KS1 have been learning about “The Great Fire of London”. Thet learnt about Samuel Pepys who kept a diary of the events and they also learnt about the plague which was also documented by Mr Pepys. As part of their topic, they made their own Tudor houses out of cardboard boxes and then set them alight in the “Great Fire of Wheatcroft”. The children couldn’t believe how fast the fire spread and enjoyed learning about how fire breaks managed to stop the fire.
Stickman Family Forest School Activity
In October we also had our first Family Forest School session of the year. The children read “The Stickman” by Julia Donaldson and then created their own stickmen and scenes from the story using objects from the natural environment. The parents loved exploring the school in a new way with their children and were keen to explore further in their own gardens and woodland areas.
KS1 Forest School Session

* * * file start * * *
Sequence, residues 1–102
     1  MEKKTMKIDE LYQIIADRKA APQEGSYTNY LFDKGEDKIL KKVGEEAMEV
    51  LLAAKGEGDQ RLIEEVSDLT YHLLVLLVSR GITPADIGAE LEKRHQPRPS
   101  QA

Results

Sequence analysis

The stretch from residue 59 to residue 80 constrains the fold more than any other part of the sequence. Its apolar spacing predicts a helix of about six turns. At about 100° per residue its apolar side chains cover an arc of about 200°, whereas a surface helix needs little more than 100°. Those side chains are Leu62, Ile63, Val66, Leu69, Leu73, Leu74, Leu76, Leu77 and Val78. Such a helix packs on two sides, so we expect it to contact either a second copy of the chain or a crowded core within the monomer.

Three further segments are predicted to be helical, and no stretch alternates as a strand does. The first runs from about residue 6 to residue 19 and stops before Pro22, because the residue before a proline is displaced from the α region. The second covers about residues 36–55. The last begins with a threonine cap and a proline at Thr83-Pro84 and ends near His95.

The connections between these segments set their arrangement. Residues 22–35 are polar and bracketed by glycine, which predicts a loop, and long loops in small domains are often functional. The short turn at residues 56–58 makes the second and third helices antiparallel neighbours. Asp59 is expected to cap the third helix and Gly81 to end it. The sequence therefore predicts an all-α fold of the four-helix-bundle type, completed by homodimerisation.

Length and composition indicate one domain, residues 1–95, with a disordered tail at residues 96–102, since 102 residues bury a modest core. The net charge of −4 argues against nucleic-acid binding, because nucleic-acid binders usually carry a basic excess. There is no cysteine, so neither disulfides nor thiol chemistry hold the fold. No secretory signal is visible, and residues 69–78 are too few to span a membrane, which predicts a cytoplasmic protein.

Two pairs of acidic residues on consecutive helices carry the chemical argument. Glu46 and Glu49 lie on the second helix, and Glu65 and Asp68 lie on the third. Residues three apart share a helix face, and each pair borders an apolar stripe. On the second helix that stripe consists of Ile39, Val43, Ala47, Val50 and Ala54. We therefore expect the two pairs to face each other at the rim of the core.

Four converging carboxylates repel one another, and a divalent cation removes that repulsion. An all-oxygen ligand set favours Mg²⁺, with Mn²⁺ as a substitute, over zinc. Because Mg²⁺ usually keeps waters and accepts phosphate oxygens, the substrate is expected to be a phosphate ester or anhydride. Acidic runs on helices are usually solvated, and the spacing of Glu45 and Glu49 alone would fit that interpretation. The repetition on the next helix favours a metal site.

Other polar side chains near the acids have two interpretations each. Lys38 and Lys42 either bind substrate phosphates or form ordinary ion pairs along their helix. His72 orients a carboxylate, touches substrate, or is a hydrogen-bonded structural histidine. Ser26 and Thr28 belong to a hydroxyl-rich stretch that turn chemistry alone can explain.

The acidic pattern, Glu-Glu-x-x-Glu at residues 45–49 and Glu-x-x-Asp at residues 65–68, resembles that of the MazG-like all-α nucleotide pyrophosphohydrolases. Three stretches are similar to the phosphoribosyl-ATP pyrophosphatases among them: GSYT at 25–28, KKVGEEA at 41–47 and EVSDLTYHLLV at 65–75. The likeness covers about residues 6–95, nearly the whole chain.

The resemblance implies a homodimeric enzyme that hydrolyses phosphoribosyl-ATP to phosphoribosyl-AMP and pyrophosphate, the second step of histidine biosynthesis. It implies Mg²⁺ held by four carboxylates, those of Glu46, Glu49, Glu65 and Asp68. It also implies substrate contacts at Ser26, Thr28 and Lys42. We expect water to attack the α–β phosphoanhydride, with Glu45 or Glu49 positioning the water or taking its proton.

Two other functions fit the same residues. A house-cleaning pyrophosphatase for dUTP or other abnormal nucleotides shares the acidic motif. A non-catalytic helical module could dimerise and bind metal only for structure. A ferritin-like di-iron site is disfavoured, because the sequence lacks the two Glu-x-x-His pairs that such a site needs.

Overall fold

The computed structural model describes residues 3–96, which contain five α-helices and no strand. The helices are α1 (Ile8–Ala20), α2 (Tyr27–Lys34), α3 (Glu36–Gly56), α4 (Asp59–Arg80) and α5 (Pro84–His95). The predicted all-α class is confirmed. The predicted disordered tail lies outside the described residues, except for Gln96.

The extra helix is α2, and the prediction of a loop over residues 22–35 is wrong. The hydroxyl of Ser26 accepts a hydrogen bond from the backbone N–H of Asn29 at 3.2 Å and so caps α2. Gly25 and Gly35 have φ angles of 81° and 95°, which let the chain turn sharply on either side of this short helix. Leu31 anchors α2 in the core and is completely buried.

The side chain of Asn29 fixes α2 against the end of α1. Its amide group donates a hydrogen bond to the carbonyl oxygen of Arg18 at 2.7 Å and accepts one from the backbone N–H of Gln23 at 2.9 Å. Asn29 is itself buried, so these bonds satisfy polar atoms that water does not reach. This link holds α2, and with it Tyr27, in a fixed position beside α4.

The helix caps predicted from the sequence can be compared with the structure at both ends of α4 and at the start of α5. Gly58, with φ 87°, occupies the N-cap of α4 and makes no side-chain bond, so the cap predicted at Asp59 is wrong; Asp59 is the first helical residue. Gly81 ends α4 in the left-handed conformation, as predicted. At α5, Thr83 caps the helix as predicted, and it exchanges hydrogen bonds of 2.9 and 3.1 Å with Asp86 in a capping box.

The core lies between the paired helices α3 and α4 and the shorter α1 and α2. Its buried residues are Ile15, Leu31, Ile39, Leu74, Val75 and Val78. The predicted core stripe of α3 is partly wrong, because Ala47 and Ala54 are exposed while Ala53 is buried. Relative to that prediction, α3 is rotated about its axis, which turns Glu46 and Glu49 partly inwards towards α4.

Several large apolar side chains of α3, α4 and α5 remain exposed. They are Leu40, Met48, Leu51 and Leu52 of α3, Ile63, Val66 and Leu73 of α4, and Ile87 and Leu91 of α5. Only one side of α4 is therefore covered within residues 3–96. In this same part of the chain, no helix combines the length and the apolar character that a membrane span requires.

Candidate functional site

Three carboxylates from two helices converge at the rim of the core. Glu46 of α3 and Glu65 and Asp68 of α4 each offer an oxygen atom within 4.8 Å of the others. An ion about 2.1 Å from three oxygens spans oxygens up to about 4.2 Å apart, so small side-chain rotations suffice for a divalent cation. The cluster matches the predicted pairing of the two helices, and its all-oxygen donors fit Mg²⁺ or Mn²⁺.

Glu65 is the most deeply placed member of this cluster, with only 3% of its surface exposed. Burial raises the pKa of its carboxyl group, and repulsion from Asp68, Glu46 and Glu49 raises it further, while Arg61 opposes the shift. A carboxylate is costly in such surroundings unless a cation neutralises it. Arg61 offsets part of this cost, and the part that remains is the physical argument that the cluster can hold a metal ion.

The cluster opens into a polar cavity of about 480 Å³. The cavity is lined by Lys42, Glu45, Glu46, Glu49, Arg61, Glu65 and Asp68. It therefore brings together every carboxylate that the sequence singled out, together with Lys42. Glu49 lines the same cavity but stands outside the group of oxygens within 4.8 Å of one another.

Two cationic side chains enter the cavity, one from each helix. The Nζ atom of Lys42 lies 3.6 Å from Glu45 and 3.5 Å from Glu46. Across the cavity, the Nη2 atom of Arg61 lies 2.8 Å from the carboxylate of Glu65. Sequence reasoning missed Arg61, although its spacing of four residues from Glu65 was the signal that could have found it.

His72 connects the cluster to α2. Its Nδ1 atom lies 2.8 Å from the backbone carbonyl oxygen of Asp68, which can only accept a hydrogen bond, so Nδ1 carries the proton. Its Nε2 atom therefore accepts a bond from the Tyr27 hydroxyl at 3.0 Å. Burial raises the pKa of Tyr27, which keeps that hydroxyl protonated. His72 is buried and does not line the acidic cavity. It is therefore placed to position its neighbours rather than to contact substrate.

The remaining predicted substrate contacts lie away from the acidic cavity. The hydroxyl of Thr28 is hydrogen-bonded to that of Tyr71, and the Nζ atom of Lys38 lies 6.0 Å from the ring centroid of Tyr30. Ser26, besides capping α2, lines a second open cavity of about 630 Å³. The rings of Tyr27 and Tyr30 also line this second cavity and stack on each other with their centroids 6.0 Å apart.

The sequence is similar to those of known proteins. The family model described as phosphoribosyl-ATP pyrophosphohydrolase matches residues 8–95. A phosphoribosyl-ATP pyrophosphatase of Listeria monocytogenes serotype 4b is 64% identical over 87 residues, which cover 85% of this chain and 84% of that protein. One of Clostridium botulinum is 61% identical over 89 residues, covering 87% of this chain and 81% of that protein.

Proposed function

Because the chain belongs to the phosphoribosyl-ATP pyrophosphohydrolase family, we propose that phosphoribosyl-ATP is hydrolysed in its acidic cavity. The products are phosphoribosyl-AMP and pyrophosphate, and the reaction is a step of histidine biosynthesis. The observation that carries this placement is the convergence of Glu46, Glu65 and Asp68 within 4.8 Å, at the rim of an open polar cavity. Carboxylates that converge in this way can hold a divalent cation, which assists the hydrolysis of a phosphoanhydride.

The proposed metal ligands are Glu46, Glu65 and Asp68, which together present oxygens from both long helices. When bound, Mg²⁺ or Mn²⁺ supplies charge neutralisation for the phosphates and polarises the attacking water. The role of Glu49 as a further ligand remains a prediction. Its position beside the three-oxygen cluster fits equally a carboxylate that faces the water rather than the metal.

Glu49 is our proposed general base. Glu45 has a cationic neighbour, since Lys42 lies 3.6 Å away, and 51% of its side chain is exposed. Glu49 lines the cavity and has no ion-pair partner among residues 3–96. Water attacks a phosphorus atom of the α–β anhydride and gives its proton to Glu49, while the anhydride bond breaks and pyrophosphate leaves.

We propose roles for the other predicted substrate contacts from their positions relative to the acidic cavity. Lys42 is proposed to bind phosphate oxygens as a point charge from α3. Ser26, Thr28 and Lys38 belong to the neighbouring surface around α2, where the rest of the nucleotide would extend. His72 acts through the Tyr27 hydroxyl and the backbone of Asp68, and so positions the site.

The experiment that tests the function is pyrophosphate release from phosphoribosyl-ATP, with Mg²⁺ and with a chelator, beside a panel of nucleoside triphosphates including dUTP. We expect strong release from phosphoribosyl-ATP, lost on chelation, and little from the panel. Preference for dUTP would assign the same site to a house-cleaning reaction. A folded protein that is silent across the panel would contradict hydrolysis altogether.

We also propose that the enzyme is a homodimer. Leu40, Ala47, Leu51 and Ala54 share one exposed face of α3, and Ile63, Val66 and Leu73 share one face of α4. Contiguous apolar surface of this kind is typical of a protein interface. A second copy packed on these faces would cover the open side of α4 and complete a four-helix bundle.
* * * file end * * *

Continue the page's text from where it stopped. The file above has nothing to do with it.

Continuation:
As part of our Science lessons, the KS1 children have been exploring the forest again. This time we focused on seasonal change (our current topic in Science). We enjoyed looking out for signs that spring was coming and looking for minibeasts. The children also drew an observational picture of the gathering circle and then drew a picture of what they thought it would look like in the summer. We spoke about seasonal change and it really helped to strengthen their understanding of our topic.
Alongside these activities we also incorporated some of our Geography learning. We enjoyed an orienteering activity, using maps and keys to create faces out of equipment. Once in the top of the forest, we enjoyed looking down on to playground and learning about aerial views to support our understanding of maps.